J. R. R. Tolkien created a world that shaped modern fantasy. While he was undoubtedly influenced by far older mythologies, from Arthurian tales, to the epic saga of Beowulf, to extinct languages, The Lord of the Rings redefined the fantasy genre, and to an extent redefined fiction itself.
Millions have been sucked into the tales of Frodo et al., whether by the books themselves, the film trilogy from the early ‘00s, or the video games – the latter is how The Rings of Power’s Halbrand got into Tolkien. His stories of Hobbits, Elves, and Dwarves are unmistakably human at their heart – in the sense that they’re stories about people, whatever race, more than about epic wars or generation-spanning revenge sagas – but at the core of them all is a sense of community. What else is the eponymous Fellowship if not nine people coming together from different races and backgrounds for a common cause? They have their differences, sure, but they overcome them and cement themselves as firm friends – none moreso than Legolas and Gimli overcoming generations of hate to become BFFs for life.
The Rings of Power has embraced this quality of Tolkien’s work, and as Nazanin Boniadi, who plays original character Bronwyn in the show, told TheGamer, “[We’re] a fellowship of Elves and Dwarves and Númenorians and all these different creeds and cultures – Harfoots and Humans – coming together to overcome adversity. What better way to portray that than having people of different backgrounds bring that to the screen?”
That hasn’t come easily, however. Racists, some of whom masquerade as fans of whatever recent TV show has cast people of colour and others who are actual Tolkien fans blinded either by the overly-white Jackson, Walsh, and Boyens films or just overcome by their prejudices, have been hounding the actors from the moment they were announced.
“I dealt with it by delving into this story,” explains Sophia Nomvete, who plays Dwarf Disa in the show. “I dealt with it by celebrating what we're doing, which is essentially creating a world which is hugely more accessible to many people. This franchise has not been seen in this way before, and the nature of Tolkien is a celebration of multiple races coming together in the most fantastical way.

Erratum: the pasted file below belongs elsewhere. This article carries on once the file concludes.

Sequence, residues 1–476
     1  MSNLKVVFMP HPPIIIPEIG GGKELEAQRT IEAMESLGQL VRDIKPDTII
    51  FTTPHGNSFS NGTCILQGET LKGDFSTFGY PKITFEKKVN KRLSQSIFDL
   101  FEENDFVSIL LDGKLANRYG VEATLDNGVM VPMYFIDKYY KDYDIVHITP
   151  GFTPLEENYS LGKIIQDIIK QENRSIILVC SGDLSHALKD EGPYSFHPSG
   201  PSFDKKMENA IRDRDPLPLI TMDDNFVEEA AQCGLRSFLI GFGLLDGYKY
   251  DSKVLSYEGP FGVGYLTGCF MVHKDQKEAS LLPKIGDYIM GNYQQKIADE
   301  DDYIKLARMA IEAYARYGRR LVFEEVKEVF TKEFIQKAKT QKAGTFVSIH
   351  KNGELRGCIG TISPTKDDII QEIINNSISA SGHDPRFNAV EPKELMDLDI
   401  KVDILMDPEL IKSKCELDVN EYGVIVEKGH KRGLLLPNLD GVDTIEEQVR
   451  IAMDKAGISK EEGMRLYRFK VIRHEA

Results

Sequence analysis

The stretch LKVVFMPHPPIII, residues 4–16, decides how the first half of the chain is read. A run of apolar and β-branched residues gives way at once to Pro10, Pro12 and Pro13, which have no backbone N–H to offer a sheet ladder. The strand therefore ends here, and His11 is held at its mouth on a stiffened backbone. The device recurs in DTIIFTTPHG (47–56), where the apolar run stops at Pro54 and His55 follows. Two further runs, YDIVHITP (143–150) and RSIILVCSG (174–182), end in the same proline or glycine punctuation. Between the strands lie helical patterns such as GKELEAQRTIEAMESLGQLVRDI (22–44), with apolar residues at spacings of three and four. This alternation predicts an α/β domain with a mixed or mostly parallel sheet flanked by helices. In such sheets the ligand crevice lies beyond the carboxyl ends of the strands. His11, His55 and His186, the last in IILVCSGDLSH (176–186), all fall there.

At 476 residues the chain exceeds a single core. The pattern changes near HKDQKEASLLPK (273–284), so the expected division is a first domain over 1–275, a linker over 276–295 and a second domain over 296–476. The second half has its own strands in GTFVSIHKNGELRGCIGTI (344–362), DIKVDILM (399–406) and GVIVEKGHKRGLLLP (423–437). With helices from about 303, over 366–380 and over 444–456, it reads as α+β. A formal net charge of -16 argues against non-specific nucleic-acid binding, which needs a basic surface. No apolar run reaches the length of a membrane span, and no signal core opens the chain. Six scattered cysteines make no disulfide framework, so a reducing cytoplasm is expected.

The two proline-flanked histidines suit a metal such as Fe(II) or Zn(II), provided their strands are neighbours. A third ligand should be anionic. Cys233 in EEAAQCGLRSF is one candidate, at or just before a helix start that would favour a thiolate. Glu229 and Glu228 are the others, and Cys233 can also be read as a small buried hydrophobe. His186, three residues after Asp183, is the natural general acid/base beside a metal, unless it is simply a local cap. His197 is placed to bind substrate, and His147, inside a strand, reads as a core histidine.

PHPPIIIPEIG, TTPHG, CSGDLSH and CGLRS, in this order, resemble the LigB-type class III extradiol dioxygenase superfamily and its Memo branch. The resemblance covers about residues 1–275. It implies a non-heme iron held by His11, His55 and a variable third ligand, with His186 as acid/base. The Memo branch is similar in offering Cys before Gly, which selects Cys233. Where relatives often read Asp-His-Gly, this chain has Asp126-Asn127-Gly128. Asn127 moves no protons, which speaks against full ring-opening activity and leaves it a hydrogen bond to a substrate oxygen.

“Ultimately, suddenly, our existence in the real world reflects in his stories, which in my mind's eye, it always has. This is fantasy, this is a world where we can play.”
However, she emphasises that sometimes all the hatred and bile spouted at her online does get to her, and that actors are not immune to the vile words that a vocal minority spew at them every day.
“I am not immune to it,” she says. “There have been many narratives that, ‘there's not nice things’ – that's a huge understatement for what many of us have been dealing with. They [online abusers] are violent and aggressive and threatening and frightening. But I have an incredible support system, two of which are sitting right next to me today [she gestures to Robert Aramayo, who plays Elrond, and Owain Arthur, who plays Durin], who go to bat for me when sometimes I can't.
“But also, I take huge pride and excitement in the mountainous amount of people who are so excited to say now we see [ourselves]. Now my daughter or my son will see themselves staring back at them, now I see myself on the screen. And now this story in this franchise has truly begun, which is a celebration of every single person in this world.”
If you can believe that Elves and Dwarves roam Middle-earth, and Dragons fight giant, sentient eagles in the service of a dark lord, then you can stretch your mind to think that some of these Elves and Dwarves might not be white. Close readings of Tolkien’s own writing suggest that main characters such as Samwise and Aragorn might not have been intended to be white, but that’s a discussion for another time. The Rings of Power has finally included people of colour in a Tolkien adaptation, and in the words of Arondir’s Ismael Crúz Cordova, “it's about time.”
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